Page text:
In the past several months, as the numbers continued to erode, the Top 40 format has been assaulted on all fronts. From “not playing enough new music” to “causing a hole in the ozone layer,” the format and those programming it have been accused…justly and unjustly…of countless faults.
Top 40 radio always stood head and shoulders above the other formats for its unwavering ability to be on the cutting edge with information, music and bigger than life promotions.
The proliferation of cable and satellite broadcasting took the information niche away. Entertainment shows and MTV are generally first with music news now. The music industry has become such a big business that even the network news organizations cover those stories. By virtue of the sheer amount of information being disseminated and gathered by other top sources, Top 40 is no longer on the cutting edge.
Music? What’s the joke? What with all the testing that’s done, by the time Top 40 gets around to adding a song, most of the audience already knows the words to the chorus. There was a time when being first to play the latest song by a known act was a big deal. And it still should be, if not playing it, at least talking about it. The best things about MTV are the promos. By the time you see the new video they’re hyping, you think you know it already. Top 40 radio should do the same. Music is not exclusive. Every radio station has access to all of it. How we set it up has separated Top 40 from the other formats forever. Whether or not you like the new George Michael is not important. If you sell the action to your audience, they will be excited whether they like the song or not. You don’t have to play any selection a lot. But if you’ve got new music by a known star and you’re excited about playing it, your listeners will feel the same way. Then they can decide. If it sucks, at least your audience knows that you gave them the chance to make that decision before anyone else. Besides, the majority of your audience won’t remember the lousy song as much as the many promos you did about always premiering new music first. And they will appreciate you for it.
So what’s left? Promotions. I can almost hear the groans and excuses. Always #1: I don’t have the budget. #2: I don’t have enough time. And good old #3: Less than 10% of my listeners every play a contest.
All valid reasons…for getting out of programming.
Listeners won’t remember your station because it plays the best songs. Hell, every station plays the best songs. Since very other station is building its reputation on the repetition of “favorite” artists, you must do something different to make your call letters stick out in their mind.
The fact that a minority of your listeners actually participate in promotions isn’t reason to stop airing them. The percentage of people who participate in Wheel Of Fortune is miniscule compared to the viewing audience, but wee all enjoy watching it. Radio audiences love to hear others make fools of themselves to win contests. If they are prepared correctly, no one will tune out. A successful promotion cannot be duplicated by your competition or others sources, It’s yours…exclusively. And in this world of nonexclusivity, we must create our own exclusives.
You don’t have time? Make it. Creativity is inbred in all of us. Get out from behind that music scheduling computer. It doesn’t take any time to be hip. It takes an attitude. If you’re programming, you have it. Or had it. To make your radio station stand out from the others, you have to create. Its part of…and important part of…maybe the most important part of your job.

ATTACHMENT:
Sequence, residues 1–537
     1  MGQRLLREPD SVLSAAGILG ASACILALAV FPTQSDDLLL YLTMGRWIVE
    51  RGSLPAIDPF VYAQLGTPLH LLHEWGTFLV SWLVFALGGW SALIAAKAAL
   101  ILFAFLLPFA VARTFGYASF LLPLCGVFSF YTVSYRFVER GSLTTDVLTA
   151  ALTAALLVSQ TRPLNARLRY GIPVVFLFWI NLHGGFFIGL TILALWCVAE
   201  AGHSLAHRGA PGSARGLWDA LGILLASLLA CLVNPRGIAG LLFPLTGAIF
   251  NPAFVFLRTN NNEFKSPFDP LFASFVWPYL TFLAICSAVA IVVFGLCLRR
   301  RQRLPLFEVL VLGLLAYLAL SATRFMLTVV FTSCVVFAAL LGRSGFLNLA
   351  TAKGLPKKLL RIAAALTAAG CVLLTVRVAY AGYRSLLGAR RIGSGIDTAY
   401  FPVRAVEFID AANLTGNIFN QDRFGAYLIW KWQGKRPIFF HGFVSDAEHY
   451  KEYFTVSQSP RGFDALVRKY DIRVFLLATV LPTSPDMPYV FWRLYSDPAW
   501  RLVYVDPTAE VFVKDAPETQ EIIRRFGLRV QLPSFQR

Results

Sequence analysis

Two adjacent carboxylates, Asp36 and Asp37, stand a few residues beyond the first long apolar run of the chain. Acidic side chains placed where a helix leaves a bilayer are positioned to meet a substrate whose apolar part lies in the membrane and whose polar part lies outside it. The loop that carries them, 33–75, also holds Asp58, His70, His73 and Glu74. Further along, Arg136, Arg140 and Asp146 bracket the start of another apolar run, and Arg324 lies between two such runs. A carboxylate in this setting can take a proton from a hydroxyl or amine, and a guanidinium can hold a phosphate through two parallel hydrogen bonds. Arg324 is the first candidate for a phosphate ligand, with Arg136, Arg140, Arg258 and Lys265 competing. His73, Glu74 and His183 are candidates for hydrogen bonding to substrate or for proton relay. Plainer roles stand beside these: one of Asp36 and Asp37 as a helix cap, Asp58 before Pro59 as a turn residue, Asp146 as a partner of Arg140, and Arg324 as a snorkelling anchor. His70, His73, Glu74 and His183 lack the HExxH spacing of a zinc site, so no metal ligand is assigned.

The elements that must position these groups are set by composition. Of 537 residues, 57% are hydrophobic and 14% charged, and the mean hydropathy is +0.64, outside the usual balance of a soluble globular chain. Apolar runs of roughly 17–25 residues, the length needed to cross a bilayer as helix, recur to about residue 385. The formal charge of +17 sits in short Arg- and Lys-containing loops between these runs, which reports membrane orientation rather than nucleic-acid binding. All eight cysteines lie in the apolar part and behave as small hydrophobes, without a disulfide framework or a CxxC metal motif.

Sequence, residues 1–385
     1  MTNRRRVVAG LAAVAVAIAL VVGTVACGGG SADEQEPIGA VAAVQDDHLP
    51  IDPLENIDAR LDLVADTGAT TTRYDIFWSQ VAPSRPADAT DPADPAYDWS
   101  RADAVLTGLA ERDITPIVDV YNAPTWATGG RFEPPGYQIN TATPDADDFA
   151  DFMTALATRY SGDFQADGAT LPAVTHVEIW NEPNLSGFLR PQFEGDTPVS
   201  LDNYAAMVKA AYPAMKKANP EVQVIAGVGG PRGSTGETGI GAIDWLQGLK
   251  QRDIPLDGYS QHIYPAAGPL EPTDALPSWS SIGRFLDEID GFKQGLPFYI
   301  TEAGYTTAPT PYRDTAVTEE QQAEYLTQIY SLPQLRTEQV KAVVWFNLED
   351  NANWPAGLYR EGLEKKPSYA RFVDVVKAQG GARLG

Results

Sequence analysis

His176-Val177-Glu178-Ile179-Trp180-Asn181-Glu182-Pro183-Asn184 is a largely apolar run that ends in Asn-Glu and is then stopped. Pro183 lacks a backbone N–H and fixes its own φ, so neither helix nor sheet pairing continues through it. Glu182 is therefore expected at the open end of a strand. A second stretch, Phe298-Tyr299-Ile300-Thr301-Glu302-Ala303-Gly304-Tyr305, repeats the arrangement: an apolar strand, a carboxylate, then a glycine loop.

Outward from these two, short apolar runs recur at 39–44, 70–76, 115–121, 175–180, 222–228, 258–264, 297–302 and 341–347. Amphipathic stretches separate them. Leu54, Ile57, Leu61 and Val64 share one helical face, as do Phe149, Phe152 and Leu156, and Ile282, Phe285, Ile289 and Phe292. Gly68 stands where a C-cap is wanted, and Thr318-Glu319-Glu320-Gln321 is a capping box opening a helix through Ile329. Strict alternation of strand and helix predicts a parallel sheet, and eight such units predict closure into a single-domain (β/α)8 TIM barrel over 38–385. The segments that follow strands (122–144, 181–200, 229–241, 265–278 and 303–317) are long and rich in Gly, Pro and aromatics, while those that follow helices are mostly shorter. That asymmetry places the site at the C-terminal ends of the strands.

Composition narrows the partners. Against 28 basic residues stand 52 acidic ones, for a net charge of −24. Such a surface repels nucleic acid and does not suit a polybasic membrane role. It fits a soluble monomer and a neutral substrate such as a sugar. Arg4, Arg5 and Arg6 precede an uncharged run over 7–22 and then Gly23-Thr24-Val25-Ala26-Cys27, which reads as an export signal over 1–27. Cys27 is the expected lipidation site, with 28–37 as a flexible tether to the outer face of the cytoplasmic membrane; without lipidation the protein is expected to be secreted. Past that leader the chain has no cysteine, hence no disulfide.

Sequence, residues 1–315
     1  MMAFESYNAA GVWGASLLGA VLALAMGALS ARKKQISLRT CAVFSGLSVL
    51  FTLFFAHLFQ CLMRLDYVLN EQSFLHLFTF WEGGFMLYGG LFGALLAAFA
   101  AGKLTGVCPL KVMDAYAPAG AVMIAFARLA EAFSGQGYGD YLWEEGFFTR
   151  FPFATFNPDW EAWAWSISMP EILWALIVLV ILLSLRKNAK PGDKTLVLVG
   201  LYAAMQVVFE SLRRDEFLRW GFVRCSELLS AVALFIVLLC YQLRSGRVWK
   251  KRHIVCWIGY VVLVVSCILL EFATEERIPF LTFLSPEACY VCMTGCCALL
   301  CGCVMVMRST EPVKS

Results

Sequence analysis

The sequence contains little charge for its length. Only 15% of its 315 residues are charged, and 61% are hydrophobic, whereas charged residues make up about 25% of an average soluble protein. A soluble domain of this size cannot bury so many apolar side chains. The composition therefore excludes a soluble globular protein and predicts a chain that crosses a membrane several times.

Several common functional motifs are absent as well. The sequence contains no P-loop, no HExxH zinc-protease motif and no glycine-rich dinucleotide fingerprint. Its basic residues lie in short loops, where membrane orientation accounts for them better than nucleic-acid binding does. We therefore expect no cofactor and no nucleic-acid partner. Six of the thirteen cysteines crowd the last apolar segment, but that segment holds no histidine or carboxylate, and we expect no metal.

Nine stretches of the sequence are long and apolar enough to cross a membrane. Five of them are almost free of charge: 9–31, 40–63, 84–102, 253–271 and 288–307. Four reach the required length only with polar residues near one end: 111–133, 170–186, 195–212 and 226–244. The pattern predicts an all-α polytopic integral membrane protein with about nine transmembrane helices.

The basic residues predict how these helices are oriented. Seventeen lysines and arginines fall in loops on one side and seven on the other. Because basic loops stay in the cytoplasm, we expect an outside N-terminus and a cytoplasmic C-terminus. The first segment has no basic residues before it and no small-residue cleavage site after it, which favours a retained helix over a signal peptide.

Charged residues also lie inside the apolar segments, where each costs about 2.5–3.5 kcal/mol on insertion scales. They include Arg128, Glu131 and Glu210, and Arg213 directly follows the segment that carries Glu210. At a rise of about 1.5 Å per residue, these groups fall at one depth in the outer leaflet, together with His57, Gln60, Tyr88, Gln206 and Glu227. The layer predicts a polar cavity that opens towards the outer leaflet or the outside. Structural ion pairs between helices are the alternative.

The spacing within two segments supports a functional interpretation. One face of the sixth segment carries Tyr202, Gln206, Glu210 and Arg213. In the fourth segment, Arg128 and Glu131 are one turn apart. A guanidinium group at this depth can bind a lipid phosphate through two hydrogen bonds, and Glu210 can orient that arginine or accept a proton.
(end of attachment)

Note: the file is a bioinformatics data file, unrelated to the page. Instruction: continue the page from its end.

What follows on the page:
You don’t have the budget? You don’t need a budget. Many promotions that make you shine don’t cost anything at all. Others can be funded by record companies or clients.
Jack McCoy’s The Last Contest, one of the biggest (and many say the best) radio promotions ever done, offered millions of dollars in prizes and cost the radio station he programmed not one penny. The American Revolutionary Bicentennial Contest (the ARB contest, get it?) trumped on the front page of R&R back when it meant something as possibly the ultimate radio contest, cost nothing.
The promotion is the key. Not the cash.
Listeners are offered tens of millions of dollars to play the lottery. It’s impossible for you to compete with that kind of a grand prize. But you can out-promote everyone else. If you take the time to do it.
Create promotions that make your station special. One of the best promotions is to tie in a contest with a particular song. If the promotion is innovative enough, it will make the song synonymous with your call letters. Every time your competition plays it, it makes the audience think of you.
Use ideas from the news. The Power Pig in Tampa does the creatively. Their recent “I Wanna Bet Like Mike” promotion (spotlighted on pate 10) is a perfect example.
You don’ to have to have big bucks to have big ideas.
Top 40 programmers have to stop blaming other formats, outside influences, changing demos and music diversities. The biggest problem facing the format is that Top 40 has become boring.
And it’s your fault.
You can’t change the music. You can’t change advertising trends. You can’t change budgets. But you can change presentation.
Jerry Clifton provides each of his stations with in-depth promotional ideas. He even has a Vice President of Fun and Games. Is it any wonder he’s successful? He works with the same music. The same pool of talent. The same stations. Maybe he creates it better than the others.
Study the promotional page in The Network Forty for ideas. Then come up with your own. Ask your staff. Be exciting. The audience expects nothing less. And wants a lot more.
You want to be like Mike? You’ve got to take the shot.